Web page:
Naperville, Illinois: Teens “slave for sale” Craigslist post prompts hate crime charges
Naperville, Illinois — A suburban Chicago 14-year-old faces hate crime and other charges for allegedly posting on Craigslist a picture of an African American classmate with the caption, “Slave for sale.”
Prosecutors allege the white Naperville Central High School freshman also included “an offensive racial slur” in the ad that they called “beyond disturbing.” The teen’s defense attorney counters the students were friends and school authorities are handling the matter with an apology and suspension.
Authorities didn’t disclose the teen’s name because he’s a juvenile.
He appeared Wednesday in DuPage County juvenile court, where he was charged with two counts of committing a hate crime and one count of disorderly conduct. He’s due back in court Dec. 18.
Naperville Central High School in Illinois in undated photo
Assistant State’s Attorney Lee Roupas said the teen took the photo last week while the two sat at the same lunch table. Prosecutors describe the allegations as “serious and aggravating,” and said the actions risked the safety of the victim.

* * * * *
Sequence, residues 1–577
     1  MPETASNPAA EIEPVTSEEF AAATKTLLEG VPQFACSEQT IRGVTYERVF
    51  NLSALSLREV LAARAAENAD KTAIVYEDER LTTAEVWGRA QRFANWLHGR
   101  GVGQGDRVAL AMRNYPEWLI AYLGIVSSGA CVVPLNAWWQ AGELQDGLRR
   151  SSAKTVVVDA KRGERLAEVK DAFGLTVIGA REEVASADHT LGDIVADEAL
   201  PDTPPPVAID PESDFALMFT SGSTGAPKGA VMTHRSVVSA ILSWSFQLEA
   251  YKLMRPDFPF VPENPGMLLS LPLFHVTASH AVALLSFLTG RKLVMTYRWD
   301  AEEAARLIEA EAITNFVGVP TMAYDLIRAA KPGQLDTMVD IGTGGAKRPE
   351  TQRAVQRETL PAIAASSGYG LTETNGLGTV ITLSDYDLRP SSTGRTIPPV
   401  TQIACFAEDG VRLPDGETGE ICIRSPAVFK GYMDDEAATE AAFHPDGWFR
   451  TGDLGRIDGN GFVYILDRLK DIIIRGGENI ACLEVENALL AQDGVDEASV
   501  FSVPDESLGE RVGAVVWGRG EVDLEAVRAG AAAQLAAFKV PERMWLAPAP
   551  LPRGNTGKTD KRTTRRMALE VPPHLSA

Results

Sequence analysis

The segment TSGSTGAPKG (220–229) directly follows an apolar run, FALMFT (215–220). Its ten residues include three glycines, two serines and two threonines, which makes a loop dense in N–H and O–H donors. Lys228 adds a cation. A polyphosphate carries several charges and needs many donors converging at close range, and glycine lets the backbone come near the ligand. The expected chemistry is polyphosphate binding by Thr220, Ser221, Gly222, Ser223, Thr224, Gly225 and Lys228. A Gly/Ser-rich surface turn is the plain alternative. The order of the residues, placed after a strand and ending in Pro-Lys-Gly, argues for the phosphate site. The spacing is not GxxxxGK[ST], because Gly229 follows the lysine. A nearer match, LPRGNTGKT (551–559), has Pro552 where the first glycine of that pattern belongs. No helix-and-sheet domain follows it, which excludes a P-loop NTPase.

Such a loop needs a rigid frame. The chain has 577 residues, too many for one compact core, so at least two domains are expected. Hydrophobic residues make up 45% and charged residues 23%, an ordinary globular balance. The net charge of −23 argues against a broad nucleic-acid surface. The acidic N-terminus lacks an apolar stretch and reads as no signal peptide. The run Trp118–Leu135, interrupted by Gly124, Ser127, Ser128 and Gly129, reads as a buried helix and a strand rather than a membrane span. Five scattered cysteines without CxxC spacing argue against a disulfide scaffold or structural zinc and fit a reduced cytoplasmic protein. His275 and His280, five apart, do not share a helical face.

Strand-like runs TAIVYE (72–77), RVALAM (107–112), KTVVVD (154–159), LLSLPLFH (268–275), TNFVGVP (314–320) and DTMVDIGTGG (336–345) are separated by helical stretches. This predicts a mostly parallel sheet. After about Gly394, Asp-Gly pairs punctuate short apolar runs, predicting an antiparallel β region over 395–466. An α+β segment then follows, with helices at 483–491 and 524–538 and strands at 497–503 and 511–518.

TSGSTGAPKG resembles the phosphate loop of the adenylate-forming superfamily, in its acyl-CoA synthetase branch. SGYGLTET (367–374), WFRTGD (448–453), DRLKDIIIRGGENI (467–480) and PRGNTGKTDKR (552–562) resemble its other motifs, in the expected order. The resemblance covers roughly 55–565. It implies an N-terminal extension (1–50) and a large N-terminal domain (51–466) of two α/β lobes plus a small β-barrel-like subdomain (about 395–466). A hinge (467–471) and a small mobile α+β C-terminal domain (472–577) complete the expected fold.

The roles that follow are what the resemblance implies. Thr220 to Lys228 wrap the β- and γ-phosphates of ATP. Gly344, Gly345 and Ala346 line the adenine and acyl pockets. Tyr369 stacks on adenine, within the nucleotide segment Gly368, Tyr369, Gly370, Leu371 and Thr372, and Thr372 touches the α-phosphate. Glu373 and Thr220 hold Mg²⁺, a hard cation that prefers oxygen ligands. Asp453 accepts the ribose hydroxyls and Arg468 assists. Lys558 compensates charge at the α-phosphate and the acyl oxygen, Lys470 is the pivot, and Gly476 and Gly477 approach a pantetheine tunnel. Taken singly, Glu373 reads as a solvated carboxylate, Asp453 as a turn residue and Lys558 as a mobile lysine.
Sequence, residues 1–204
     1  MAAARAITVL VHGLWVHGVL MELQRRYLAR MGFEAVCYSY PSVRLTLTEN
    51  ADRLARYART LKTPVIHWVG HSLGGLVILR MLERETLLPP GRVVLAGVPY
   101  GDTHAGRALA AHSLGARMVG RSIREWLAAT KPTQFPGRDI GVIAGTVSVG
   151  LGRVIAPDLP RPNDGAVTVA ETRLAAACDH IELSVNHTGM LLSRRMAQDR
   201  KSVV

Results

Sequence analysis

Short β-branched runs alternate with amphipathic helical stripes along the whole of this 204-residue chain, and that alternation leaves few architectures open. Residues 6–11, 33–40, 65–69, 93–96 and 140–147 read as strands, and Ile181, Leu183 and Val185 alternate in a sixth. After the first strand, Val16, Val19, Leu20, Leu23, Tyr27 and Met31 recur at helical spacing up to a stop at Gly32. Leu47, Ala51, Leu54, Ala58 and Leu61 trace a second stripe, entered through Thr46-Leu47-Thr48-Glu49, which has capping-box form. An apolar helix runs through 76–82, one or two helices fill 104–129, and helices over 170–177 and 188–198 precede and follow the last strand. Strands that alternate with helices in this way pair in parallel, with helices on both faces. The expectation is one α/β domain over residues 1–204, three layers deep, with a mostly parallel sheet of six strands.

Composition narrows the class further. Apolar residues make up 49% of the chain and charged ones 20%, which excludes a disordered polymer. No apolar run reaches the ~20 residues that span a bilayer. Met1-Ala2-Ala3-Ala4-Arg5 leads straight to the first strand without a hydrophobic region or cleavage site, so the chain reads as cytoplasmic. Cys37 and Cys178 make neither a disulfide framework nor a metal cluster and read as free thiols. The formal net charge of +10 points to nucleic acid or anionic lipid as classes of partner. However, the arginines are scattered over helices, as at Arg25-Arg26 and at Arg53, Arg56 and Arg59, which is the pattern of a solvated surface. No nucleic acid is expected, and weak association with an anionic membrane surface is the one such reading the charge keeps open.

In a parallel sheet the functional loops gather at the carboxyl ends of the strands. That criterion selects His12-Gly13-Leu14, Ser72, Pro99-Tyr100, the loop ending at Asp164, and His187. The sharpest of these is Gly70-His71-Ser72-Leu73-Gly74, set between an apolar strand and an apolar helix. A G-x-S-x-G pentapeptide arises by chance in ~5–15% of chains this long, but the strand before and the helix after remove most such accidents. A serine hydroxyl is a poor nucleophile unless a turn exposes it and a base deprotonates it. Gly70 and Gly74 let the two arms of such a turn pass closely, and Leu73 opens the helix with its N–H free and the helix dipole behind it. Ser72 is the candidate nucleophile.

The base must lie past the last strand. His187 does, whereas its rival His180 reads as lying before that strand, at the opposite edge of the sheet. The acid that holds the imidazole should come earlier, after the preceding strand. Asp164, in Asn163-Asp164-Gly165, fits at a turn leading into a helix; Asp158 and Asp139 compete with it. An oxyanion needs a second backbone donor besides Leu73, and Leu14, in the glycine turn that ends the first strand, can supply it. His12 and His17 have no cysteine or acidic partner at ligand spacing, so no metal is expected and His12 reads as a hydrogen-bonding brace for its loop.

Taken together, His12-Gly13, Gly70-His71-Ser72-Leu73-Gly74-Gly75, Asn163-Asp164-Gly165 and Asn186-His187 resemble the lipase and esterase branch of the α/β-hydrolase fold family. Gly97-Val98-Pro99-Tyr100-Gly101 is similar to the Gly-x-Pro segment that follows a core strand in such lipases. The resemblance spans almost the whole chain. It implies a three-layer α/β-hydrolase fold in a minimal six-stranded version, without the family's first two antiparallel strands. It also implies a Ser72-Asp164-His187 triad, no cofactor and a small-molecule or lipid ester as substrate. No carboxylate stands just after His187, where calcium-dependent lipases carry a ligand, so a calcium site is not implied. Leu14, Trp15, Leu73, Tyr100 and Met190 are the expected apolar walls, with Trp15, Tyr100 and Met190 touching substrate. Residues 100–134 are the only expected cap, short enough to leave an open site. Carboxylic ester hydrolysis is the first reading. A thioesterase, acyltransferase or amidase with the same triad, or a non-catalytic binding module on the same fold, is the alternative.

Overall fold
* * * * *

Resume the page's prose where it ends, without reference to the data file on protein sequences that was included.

“Hate crimes have no place in our society and will not be tolerated,” the county’s State’s Attorney Robert B. Berlin said in a statement. “Anyone, regardless of age, accused of such disgraceful actions will be charged accordingly.”
“This was a despicable and extremely offensive post that is not at all reflective of the caring, welcoming community that our department serves and protects every day,” Naperville Police Chief Robert Marshall said in a statement quoted by CBS Chicago.
Defense attorney Harry Smith said the two were friends and Central’s principal is “getting the two friends together” and coordinating an apology. Authorities say the teen is serving an in-school suspension. Students told CBS Chicago it’s a two-day suspension.
It’s not yet clear what kind of penalty he might face if convicted. Paul Darrah, a spokesman for the state’s attorney office, told The Associated Press the aim for juveniles is “accountability, not punishment,” though the student is “going to face probation at a minimum.”